It occurred to me that many people who are unfamiliar with the underwater world would think that those US Navy divers would only have to switch on a torch (and that the US Navy would have provided some very powerful diving torches) and everything underwater would be as clear as possible. Take it from me, there is no light in the world which penetrates oil and water so dark and thick with dirt that the diver cannot even see his instruments when they are pressed against his faceplate or facemask. The inside of a ship’s hull is a large dark space where no natural light penetrates. Add to that, thjere were also two other vitally important factors; Firstly, these US Battleships were amongst the biggest in the world - so big that crew members frequently got lost. These divers had to find their way in (and out again!) without an intimate knowledge of each vessel. Secondly, those ships were now badly damaged, upside down or on their sides. A ship’s layout, therefore, which might have been familiar territory to one of the crew, now had to be memorised from blueprints and followed by Navy Divers after that layout had been completely changed - with their only method of finding their way around - was by feel…

I have been an active scuba diver for almost 40 years, have visited countless shipwrecks including the remains of HMS Royal Oak in Scapa Flow. I mention this to underline the simple fact that whilst I am able to appreciate the work undertaken by US Navy divers in the aftermath of Pearl Harbour 1941, I also have no concept of the filthy and dangerous conditions or of the fear they must have had to overcome in order to complete the enormous task they were set. Certainly, if all diving was confined to such conditions, there would be no civilian divers at all!

I hope this personal element of my review will give the reader a better understanding of how truly magnificent this story really is. Magnificent, because of the achievements of Raymer and his men against all odds in spite of the appalling conditions.

This is a story which will be enjoyed by diver and non-diver alike because it is well written and reveals much that was hitherto not known. It only remains for me to congratulate those men on a truly amazing achievement,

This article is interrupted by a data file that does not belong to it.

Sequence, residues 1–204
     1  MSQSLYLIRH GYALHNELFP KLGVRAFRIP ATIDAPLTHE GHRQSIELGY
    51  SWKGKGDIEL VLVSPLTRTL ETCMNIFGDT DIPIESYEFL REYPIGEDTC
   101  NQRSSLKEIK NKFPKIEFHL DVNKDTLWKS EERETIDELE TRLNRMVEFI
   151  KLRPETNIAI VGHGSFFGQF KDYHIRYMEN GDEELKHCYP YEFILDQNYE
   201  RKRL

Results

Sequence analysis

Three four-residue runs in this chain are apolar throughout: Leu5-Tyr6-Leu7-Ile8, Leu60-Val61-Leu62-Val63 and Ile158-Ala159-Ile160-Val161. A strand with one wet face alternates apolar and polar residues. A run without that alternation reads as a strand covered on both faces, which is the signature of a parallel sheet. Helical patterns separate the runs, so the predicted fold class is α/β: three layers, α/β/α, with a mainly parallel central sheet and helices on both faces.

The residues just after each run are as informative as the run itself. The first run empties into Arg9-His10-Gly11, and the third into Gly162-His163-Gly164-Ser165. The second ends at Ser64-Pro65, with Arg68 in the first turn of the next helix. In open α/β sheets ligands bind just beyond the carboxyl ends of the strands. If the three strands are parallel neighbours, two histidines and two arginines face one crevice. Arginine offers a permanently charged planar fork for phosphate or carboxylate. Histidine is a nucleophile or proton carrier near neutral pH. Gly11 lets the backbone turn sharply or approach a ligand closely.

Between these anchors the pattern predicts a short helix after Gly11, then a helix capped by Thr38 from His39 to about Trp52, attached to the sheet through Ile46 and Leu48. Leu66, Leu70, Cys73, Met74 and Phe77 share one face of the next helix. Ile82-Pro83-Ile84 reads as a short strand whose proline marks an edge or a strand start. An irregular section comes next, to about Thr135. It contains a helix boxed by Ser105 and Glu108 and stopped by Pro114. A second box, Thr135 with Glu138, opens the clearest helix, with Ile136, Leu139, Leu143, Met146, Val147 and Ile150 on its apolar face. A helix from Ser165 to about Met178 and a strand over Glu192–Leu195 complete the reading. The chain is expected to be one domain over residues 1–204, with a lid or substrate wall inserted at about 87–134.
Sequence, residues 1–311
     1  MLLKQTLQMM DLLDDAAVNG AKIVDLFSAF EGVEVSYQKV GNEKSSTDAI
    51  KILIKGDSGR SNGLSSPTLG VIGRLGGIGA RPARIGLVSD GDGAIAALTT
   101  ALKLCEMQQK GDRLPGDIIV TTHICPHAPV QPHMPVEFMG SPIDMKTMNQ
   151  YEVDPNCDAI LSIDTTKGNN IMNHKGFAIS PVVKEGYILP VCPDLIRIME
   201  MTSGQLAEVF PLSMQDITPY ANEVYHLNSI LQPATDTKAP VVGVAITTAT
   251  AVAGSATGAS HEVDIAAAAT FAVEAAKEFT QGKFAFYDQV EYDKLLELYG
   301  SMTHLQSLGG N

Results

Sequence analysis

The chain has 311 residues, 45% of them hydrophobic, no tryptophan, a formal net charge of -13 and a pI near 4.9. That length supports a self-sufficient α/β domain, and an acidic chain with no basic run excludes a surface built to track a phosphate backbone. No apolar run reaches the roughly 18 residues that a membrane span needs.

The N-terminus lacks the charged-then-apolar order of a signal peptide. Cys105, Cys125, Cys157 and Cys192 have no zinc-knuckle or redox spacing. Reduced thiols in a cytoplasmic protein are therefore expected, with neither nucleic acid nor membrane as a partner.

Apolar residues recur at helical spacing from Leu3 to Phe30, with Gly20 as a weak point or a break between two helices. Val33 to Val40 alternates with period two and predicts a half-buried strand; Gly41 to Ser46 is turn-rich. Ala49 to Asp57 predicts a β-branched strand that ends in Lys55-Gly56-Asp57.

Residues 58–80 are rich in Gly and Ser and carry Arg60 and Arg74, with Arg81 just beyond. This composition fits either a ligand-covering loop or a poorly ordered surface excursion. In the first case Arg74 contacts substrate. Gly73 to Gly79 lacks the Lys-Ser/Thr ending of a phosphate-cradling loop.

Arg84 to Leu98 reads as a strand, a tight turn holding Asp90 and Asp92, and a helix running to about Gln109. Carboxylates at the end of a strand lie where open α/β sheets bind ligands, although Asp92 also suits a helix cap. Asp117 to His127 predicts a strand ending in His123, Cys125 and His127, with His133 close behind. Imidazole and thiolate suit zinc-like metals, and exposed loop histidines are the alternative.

NM

Ship Spotter's Guide (General Military)
Ship Spotter's Guide (General Military)
Prix : CDN$ 8.76

1 internautes sur 1 ont trouvé ce commentaire utile 
4.0 étoiles sur 5 Must be a bargain!, Nov. 18 2014
My work as a shipwreck historian involves research into a wide variety of different craft and is usually based on the existence of a particular shipwreck. As such, there is no detail from any vessel which is beyond my interest - no matter how insignificant. Along the way, I have obtained a number of books from Osprey Publishing which contain some pretty amazing artwork. These include profile and deck views of all manner of ships plus the occasional technically excellent exploded-view. In many ways, this work might be described as the best of that artwork collated into a single book.

Measuring only 7 in. wide (190 x 130 mm), the work is a quick reference guide to many of the world’s greatest warships from ancient times to the latest US Aircraft Carriers. That, however, brings into question the book’s title - which should have been ‘Warship Spotter’s Guide!’

Nevertheless, this is one of the most useful additions to my bookshelf for some time. 40 types of warship are included and, without mentioning every ship, are collated in the following date order; Egyptian War Galley and Athenian Trireme, Norse Longship, Warships of the Far East, Tudor Warships, Spanish Galleon, Warships of the Anglo-Dutch War, Pirate Ships, Warships of the War of Independence, Napoleonic Ship-of-the-line, Ironclads, Union Monitors, River Gunboats, Commerce Raiders, British Dreadnoughts, German Dreadnoughts, Super Dreadnoughts, Austro-Hungarian Battleships, Destroyers and Submarines. We then arrive at the time of WW2 and find a useful cross-section of American, British, German, Italian and Japanese battleships, cruisers, destroyers and submarines. The work then concludes with; Vietnam Riverine Craft, American Cold-War Carriers, Nuclear Submarines and American Modern Super-Carriers.

Whereas the content for each vessel - selected as being representative of its ‘type,’ is brief, the detail is, nevertheless, informative. This comprises a one-page introduction and brief history which explains when and where the ship in question came into being in addition to the political machinations of the day. On the facing page we find the technical specifications alongside the artistic view of the entire ship - with cutaway section or sections showing internal features. And all that for GBP £4:99 (RRP) - now that must be a bargain!

Whereas the accomplished expert might gain little from the work, I suspect few people know all there is to know about every type of ship mentioned in this book and most will find something of considerable interest. Alternatively, it will also provide an excellent present for those who are beginning to show an early interest in the subject of warships throughout history.

NM